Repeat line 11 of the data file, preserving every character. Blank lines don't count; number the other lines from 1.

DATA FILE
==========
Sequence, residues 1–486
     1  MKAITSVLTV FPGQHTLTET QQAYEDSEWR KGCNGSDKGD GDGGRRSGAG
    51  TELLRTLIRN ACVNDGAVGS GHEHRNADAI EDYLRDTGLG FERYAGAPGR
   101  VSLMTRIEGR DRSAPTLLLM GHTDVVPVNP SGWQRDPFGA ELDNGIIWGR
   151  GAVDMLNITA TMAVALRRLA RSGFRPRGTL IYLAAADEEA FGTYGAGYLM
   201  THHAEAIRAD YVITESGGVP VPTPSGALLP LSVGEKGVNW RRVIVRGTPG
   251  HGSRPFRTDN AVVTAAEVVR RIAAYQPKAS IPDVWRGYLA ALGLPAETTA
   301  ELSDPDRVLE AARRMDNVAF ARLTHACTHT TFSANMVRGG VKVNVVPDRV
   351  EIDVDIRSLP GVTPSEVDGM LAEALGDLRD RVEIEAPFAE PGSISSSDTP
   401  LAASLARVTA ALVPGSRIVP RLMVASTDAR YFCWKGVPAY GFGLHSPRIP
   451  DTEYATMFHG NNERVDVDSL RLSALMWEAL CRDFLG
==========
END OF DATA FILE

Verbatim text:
   451  DTEYATMFHG NNERVDVDSL RLSALMWEAL CRDFLG